HP HDX18-1180ed MaximumGB of RAM

Discussion in 'Asus' started by JoSSo, May 27, 2011.

  1. JoSSo

    JoSSo Guest

    What is the maximum speed of the 4GB memory modules that can be
    installed in this laptop?

    1066 or 1333 MHZ
     
    JoSSo, May 27, 2011
    #1
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  2. JoSSo

    Paul Guest

    JoSSo wrote:
    > What is the maximum speed of the 4GB memory modules that can be
    > installed in this laptop?
    >
    > 1066 or 1333 MHZ


    That machine was actually harder to trace down than I expected.

    I couldn't find the machine listed on Crucial.com
    (But since you own your laptop, you can use the Crucial "system scanner"
    feature, and see if they have the information or not. The system scanner
    may be more accurate.)

    On the Kingston site, they were offering only 800MHz.

    This site says the processor is P8600.

    http://nl.hardware.info/productinfo/55684/hp-hdx18-1180ed#tab:specificaties

    In the block diagram here, that design has the memory controller on the
    chipset. So you need to know more about the "MCH" chip, to know the limits.

    http://ark.intel.com/Product.aspx?i...essor P8600 (3M Cache, 2.40 GHz, 1066 MHz FSB)

    The chipset could be PM45. But even that information doesn't narrow it
    down, because the PM45 supports DDR3 and DDR2 (just not at the same
    time - they have to select one type when designing the computer).

    Page 13 here shows DDR2(667/800) or DDR3(1066/800) as options for PM45 design.
    So that narrows down the speed a bit.

    http://www.intel.com/Assets/PDF/datasheet/320122.pdf

    OK, I found this brochure from HP.

    HP HDX X18-1180ED Premium Notebook PC
    http://h20195.www2.hp.com/V2/GetPDF.aspx/c01646468.pdf

    Geheugen 4096 MB (2 x 2048 MB)
    Ondersteunt tot 8 GB DDR3-geheugen

    So it is using DDR3 memory. The Kingston product offered for the machine
    is DDR2. Very confusing! I still cannot be positive of the type of memory.

    I suggest you run CPUZ, and verify the hardware information from
    inside the computer.

    http://www.cpuid.com/softwares/cpu-z.html

    CPUZ will show you a memory tab window similar to this, and then
    you can determine if it is DDR2 type or DDR3 type.

    http://www.cpuid.com/medias/images/en/softwares-cpuz-04.jpg

    In terms of performance, the processor FSB could be running at FSB1066.
    That is 1066*8 = 8500 MB/sec. Two modules run in dual channel mode,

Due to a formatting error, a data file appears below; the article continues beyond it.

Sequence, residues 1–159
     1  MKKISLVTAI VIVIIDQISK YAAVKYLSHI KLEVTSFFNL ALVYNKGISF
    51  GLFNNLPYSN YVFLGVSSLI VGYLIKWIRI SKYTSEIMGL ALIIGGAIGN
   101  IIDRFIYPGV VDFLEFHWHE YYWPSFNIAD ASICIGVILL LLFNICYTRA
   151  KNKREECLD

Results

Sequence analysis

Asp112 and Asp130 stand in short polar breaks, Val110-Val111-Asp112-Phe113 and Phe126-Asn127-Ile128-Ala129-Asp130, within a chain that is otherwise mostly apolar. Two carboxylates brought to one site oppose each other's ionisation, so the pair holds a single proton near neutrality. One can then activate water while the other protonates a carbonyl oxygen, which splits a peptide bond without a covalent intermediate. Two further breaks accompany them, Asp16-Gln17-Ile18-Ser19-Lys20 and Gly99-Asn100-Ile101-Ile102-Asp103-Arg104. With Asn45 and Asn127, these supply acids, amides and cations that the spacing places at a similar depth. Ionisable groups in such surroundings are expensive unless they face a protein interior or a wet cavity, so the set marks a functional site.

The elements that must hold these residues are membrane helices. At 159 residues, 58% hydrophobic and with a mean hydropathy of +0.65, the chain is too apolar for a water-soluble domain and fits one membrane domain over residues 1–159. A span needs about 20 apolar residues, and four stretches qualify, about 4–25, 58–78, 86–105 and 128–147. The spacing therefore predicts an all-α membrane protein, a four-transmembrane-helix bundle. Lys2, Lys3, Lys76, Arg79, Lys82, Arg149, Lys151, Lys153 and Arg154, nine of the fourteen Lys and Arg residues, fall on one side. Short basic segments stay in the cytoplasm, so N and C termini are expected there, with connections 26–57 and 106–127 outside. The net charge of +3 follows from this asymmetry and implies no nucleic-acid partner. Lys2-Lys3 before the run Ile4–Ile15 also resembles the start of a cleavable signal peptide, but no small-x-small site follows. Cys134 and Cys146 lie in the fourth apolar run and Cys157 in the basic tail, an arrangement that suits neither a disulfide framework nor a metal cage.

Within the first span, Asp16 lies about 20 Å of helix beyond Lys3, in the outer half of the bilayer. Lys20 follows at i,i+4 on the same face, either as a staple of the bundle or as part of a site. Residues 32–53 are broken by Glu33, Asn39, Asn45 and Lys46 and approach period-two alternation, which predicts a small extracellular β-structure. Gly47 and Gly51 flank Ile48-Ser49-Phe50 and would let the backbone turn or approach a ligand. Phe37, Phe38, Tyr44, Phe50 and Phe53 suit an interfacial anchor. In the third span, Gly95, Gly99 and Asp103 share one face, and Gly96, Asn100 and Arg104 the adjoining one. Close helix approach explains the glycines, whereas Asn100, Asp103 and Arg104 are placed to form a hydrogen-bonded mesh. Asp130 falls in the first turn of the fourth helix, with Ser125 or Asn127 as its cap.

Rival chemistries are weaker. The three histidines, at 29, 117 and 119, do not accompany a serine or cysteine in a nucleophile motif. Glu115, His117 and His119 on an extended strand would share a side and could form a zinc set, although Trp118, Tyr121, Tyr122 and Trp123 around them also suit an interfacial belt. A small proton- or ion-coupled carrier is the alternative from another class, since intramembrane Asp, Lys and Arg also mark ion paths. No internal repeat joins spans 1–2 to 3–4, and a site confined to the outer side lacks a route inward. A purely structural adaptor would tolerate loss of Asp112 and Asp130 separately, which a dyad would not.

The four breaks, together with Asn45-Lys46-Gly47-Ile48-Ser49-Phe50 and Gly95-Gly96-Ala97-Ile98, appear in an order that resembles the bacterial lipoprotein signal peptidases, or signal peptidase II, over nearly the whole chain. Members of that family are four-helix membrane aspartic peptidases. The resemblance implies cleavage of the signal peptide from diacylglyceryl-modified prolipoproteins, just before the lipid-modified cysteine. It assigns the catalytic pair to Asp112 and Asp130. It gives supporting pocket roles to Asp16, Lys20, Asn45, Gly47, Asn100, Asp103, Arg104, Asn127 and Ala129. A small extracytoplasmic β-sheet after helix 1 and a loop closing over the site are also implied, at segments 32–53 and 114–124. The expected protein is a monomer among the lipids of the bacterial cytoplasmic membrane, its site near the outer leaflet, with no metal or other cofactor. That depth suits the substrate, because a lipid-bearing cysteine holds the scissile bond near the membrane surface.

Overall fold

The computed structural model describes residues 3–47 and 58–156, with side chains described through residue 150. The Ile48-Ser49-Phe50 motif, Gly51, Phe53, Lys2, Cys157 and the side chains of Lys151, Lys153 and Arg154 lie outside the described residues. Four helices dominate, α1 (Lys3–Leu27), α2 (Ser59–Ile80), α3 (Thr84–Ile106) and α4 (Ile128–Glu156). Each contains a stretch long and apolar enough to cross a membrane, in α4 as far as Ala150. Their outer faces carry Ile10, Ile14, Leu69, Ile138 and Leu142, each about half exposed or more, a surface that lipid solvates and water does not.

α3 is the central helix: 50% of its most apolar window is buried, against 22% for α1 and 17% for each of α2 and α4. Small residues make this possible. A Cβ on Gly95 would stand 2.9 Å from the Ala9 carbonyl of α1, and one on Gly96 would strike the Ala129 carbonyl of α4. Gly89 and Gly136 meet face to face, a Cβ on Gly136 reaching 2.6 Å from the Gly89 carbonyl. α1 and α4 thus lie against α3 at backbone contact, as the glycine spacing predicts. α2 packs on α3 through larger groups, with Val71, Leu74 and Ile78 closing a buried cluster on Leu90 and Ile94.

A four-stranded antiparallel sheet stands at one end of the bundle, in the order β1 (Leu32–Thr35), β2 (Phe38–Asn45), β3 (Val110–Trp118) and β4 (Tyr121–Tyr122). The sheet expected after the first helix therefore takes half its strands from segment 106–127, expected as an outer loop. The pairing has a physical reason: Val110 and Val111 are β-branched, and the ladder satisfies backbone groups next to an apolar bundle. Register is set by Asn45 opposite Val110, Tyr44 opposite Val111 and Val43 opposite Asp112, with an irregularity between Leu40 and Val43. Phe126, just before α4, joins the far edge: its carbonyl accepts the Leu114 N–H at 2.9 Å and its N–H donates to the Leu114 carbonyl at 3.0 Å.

whether DDR2-800 or DDR3-800, would be 2*6400MB/sec or 12800MB/sec, so even
    with relatively slow-sounding memory type, the memory subsystem is
    still faster than the FSB. The FSB is the bottleneck.

    You can generally use a faster memory type in a slower computer, as
    the module speed can be operated over a range of values. But there
    wouldn't be any advantage to you, to using fast modules.

    If this was my computer, the next step would be using CPUZ. Since
    the HP brochure doesn't agree with the Kingston page, you need to
    confirm the memory type (DDR2 or DDR3) first. If the machine was
    using DDR3, the fastest DDR3 for PM45 is DDR3-1066.

    Paul
     
    Paul, May 27, 2011
    #2
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  3. JoSSo

    JoSSo Guest

    Tanx,

    Yes it is using DDR3, currently running 2*2GB 1066 MHZ DDR3.
    So upgrading to 2 * 4GB on 1066 is possible.

    However will it run with 2 * 4GB 1330 MHz?

    Gr
    Jos


    On Fri, 27 May 2011 05:35:02 -0400, Paul <> wrote:

    >JoSSo wrote:
    >> What is the maximum speed of the 4GB memory modules that can be
    >> installed in this laptop?
    >>
    >> 1066 or 1333 MHZ

    >
    >That machine was actually harder to trace down than I expected.
    >
    >I couldn't find the machine listed on Crucial.com
    >(But since you own your laptop, you can use the Crucial "system scanner"
    >feature, and see if they have the information or not. The system scanner
    >may be more accurate.)
    >
    >On the Kingston site, they were offering only 800MHz.
    >
    >This site says the processor is P8600.
    >
    >http://nl.hardware.info/productinfo/55684/hp-hdx18-1180ed#tab:specificaties